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Last Few Months in Review

  I have been neglecting my blog due to lots of work and training in the mountains. Here is a picture account of what I have been up to for the last few months. Hope you enjoy!                         After a great rock 101, I then headed west for some sun...           A quick layover in Boulder and we made our way over to Devils Tower...                 Up and down Liberty Bell...

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New River Rendezvous ’11

About this time every year, Lindsay and I head to the New River Gorge for the annual New River Rendezvous to teach a few clinics and promote Fox Mountain Guides. The enjoyment for us really comes in meeting up with old friends as well as making a few new ones! I think we sometimes spend more time chatting with friends from NC than we ever do when we are in Brevard.                     While we did get some good food, I was lucky enough to pick up some food poisoning - nothing that could keep me down - just felt...

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Mammut Ultimate Hoody

I put the Ultimate Jacket to the test this past week. While ice climbing in Canada we got some very “Canadian” conditions.On the uphill approaches the long pit zips comes in handy while the jacket still knocks down the wind. Some of the climbs were still dripping and even though the jacket is marketed as windstopper, it sheds water very well and kept me dry. I will be using this jacket later this month on Aconcagua and will report back then! Here is the link to the tech specs: Mammut Ultimate Hoody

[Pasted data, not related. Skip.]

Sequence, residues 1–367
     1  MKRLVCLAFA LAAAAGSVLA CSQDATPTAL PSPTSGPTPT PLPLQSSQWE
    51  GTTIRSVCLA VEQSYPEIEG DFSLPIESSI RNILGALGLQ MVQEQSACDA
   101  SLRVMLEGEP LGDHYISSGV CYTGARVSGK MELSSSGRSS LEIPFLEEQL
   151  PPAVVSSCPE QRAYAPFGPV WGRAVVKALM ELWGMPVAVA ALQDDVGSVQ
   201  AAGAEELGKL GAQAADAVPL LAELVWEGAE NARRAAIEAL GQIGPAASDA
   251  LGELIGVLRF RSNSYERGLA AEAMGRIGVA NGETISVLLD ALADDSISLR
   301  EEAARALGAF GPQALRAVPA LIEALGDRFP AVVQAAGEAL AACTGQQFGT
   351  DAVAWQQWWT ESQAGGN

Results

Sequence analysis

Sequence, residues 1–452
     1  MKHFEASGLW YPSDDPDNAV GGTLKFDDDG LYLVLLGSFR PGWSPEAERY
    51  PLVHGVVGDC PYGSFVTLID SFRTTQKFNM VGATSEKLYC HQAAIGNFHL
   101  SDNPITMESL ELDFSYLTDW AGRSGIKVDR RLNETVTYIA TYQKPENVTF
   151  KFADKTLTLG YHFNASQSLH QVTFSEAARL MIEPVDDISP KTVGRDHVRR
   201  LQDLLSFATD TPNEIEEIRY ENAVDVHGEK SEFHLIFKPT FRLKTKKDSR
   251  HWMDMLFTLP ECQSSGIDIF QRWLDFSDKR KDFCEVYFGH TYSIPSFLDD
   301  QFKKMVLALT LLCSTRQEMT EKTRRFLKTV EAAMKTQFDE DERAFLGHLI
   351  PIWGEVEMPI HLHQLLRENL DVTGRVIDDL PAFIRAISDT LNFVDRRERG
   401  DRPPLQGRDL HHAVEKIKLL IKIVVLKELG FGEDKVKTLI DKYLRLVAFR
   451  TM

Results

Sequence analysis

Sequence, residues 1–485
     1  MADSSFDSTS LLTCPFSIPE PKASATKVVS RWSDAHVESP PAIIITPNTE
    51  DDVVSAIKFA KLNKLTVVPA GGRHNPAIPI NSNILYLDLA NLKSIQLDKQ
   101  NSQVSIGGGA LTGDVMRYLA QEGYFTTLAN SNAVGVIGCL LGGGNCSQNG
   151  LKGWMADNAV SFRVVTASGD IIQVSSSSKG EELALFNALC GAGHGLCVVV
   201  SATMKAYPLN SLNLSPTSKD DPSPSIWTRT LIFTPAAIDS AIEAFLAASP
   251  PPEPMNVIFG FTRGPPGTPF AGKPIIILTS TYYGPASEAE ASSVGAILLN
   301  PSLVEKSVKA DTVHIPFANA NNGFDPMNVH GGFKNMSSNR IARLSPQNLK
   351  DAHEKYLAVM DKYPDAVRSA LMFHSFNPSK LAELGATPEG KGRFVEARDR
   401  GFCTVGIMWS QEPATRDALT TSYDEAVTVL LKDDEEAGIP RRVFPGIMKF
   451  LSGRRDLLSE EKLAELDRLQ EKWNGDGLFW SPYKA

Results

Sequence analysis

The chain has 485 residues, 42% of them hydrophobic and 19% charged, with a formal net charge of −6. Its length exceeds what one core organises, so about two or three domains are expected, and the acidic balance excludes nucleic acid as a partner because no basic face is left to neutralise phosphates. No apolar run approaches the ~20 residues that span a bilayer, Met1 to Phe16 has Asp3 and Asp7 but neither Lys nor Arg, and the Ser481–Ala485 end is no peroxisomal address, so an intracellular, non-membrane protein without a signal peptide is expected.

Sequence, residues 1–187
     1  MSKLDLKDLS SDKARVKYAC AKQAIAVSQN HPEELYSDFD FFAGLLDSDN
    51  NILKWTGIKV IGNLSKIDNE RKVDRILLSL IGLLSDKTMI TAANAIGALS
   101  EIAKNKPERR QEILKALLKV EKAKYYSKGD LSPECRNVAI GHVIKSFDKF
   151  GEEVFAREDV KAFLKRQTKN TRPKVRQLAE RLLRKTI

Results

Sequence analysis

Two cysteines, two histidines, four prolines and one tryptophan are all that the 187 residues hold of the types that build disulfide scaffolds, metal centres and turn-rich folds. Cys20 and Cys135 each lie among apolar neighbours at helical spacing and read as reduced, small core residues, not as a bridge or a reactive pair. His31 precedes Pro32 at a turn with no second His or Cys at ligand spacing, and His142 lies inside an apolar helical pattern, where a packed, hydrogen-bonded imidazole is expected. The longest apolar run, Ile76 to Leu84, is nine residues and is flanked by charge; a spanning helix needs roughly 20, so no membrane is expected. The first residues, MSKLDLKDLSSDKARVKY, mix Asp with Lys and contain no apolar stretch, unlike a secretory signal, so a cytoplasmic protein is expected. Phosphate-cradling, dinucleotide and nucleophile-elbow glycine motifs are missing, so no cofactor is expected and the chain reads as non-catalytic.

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Travel to Utah

I left the AMGA conference around 10:30 a.m. MST on the 15th of November. Lindsay, Chris Werner, and I headed east to North Carolina. I had made arrangements to get Chris back to Boone, NC before I realized I had to be in Utah on the 17th of November. We drove straight through and got to Brevard, NC at 12:15 a.m. on November 17th. I got a few hours rest and then got up to unpack ice and alpine gear, do laundry, and repack an Indian Creek rack! I got to the Asheville airport and was on the plane by 4:30 p.m. Days like this are becoming more and more common with my career. I am always...